Residual Income Can Be Your Key To Wealth
Are you standing at the door to wealth but can’t seem to find the right key?
There are many keys on the key ring that can unlock the door to wealth, but you have to know which ones they are and how to use them correctly.
In this article I’ll focus on the “residual income” key that many have discovered can be used to enter the inner sanctums of the wealthy.
But before I go too far, I should probably define what I mean by “residual income,” (also called passive or recurring income).
What is residual Income?
While there are perhaps a number of definitions for “residual income,” I will be using the term here as follows:
“Residual income is income that continues to be earned after the initial effort has come to an end.” In other words, it can be thought of as the process of making a sale one time but getting paid over and over again.
How can this be? That is, how can you make one sale and get paid over and over again? Well, let’s take a look at some common examples of residual income.
An insurance policy. When you buy an insurance policy, you normally pay premiums monthly, quarterly or annually. You made one purchase, but you continue to pay as long as you maintain you policy. The insurance company earns a residual income from you.
A service subscription such as a pest control, lawn maintenance, or web hosting contract. When you purchase a pest control, lawn maintenance, or web hosting service you normally again pay a monthly, quarterly, or annual fee. As long as you continue your service, you continue to pay the fee. The service company earns a residual income from you.
A membership subscription such as to a membership Website or a club. To continue your membership, you much continue to pay membership fees. The membership entity earns a residual income from you.
In all of the above examples, the sale was made only one time, but you continue to pay the company over and over again.
Residual income is distinguished from “linear income,” where a single payment for a single one time purchase is made. For example, if you have an hourly job, you are exchanging one hour of your labor time for an hourly pay rate. You must work each hour to get paid. If you stop working, you stop getting paid. Your income is linear.
However, if you sell memberships to a Website and your members pay a monthly fee to belong, then you continue to collect their monthly fees as long as they continue to remain a member. You made the sale one time but continue to collect an income long after the initial sales effort was completed. This is an example of “residual income.”
Which would you rather have, a residual income or a linear income?
Generally, whenever possible, you should try to earn a residual income that will continue to grow over time as you make individual sales. If you put in a consistent effort toward earning a residual income, you will find that your income will compound itself as the amount of residual income continues to grow.
For example, let’s take a look at the difference between selling a $29. ebook and a membership to a Website with a $29 monthly fee. We’ll assume that both sellers began their sales effort on 1 January and continued the effort for six months.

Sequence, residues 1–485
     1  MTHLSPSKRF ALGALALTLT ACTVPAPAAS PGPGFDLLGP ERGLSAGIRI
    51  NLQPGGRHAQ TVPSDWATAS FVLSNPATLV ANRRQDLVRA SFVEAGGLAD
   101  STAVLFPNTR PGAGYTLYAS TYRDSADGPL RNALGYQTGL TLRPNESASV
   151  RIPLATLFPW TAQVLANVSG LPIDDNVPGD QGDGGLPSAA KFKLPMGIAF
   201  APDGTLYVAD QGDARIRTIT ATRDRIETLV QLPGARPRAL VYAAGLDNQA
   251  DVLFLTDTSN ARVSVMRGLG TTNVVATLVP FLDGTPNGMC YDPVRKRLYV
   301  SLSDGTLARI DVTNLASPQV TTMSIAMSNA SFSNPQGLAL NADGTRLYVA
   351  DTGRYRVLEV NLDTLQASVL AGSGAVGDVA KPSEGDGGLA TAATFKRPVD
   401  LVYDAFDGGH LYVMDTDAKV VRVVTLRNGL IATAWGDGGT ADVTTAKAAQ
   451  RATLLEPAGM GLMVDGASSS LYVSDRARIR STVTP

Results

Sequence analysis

With the sale of each ebook, the seller earns $29 but then has to make another sale to earn another $29. Hopefully, the seller has some backend or follow on products to sell to each customer in the future, but many do not. So each sale stands alone. Let’s also assume that the cost to make each sale (including Web hosting fees, merchant card fees, advertising, etc) come to $4 per sale. Our merchant thus earns $25 net per sale. We’ll assume that 10 sales are made per month so over the six month period he made 60 sales. So for 60 sales, he has earned $1,500.
Now, let’s take a look at how the membership site might do.
Each membership sells for $29 per month and the cost to make each sale is the same $4 per sale so the site owner earns the same $25 net per initial sale. However, he continues to earn the $29 each and every month that the buyer remains as a member and there is no sales cost for the subsequent months. We’ll also assume that our membership site makes 10 sales per month and that each buyer remains a member for 4 months on average before dropping their membership. Now lets take a look at the numbers.
Month 1 = 10 sales for $250
Month 2 = 10 sales for $250 plus $290 residual income
Month 3 = 10 sales for $250 plus $580 residual income
Month 4 = 10 sales for $250 plus $870 residual income
Month 5 = 10 sales for $250 plus $870 residual income
Month 6 = 10 sales for $250 plus $870 residual income
The total income for the six months comes to $4,980 plus there is still a continuing income that will come in from sales that were made during months 4, 5 and 6.
Which would you rather have, the $1,500 made as linear income or the $4,980 plus earned through sales with a residual income tail? The sales effort was the same.
As you can see from the above example, residual income can quickly surpass linear income if your sales effort remains constant. So, keep on the lookout for good residual income opportunities, they can be your key to opening the door to increased wealth.
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